Commercialization: Dumbing Down, or Making Accessible?
(Another late post! My apologizes.. I recently just got the book.)
While reading chapter 2 of McKee’s book, one particular tool of media and commercialization came to mind: Twitter.
McKee denotes that the media “no longer cares about quality”, and “produces material which is easy to consume, not requiring audiences to think at great length…” We as an audience no longer want to stop and think about what is going on in the world. In a quick-paced world, consumers want to be informed in 10 words or less and be able form an opinion right away (such as might be the case, some might argue, with petitioners on campus, who give a quick spiel about their “cause” and then thrust their petition sheet and pen into your hands expectantly. I’ve seen far too many people nod their head in slight agreement, sort of to say “well.. I kinda get it.. okay, sure” and then sign without any real, contemplative thought put into what they have been told).
Anyways, I’m getting away from what I originally wanted to talk about: twitter. Just by watching the news, at the end of each broadcaster’s report, a little banner flashes underneath their name, boasting an @ symbol and their username. “Follow us on twitter and don’t forget to ‘like’ us on Facebook!” the reporters remind us.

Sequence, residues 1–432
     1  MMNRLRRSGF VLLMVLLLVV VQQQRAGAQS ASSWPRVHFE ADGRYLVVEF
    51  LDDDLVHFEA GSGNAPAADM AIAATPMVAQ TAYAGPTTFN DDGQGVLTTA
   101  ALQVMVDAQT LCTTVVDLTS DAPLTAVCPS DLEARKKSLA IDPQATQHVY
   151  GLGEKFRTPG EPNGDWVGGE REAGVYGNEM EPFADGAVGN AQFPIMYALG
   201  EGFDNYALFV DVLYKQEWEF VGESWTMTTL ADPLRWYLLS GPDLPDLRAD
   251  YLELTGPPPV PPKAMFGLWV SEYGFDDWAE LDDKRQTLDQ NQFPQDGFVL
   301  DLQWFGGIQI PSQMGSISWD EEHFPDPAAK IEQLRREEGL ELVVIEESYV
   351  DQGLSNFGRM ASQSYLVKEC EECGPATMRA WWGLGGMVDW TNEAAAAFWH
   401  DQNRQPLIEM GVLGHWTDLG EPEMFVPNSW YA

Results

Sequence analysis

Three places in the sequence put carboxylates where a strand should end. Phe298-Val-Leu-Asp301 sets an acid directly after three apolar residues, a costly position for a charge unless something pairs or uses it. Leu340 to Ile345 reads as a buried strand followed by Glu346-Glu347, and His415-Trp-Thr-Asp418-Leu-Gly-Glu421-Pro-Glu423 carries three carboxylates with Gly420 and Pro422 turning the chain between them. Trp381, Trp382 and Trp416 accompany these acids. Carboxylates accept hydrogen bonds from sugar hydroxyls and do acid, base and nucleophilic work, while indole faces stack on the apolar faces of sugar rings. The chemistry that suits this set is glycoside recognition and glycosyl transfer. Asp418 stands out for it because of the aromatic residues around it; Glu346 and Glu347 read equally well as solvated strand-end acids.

Out of curiosity, I’ve admittedly gone on to the twitters and Facebook feeds of news channels and their news anchors. Particularly on twitter, where a 140-character limit is enforced, it is much harder to express full details about a news story, so instead (sometimes even with “you” abbreviated as “u”, etc) they post a quick, summative, and generally ‘dumbed-down’ tweet about a story. Regardless if it’s about a political issue, an international riot, or a celebrity nip-slip, the same ‘simple’ lingo is used to portray it. On Facebook, the news channels will post with a few more details, but often love to include flashy pictures of a fire or a smiling old woman or anything that will cause somebody to stop scrolling their feed and take a look. The paragraph for the story is seriously probably the measurement length of the picture posted.
What do my blog readers out there think? In trying to integrate media into social networking, have ‘intelligent’ news channels dumbed themselves down to the point of ridiculousness, and is it simply with the intention of reaching a bigger audience, or suiting one with a rapidly diminishing attention span?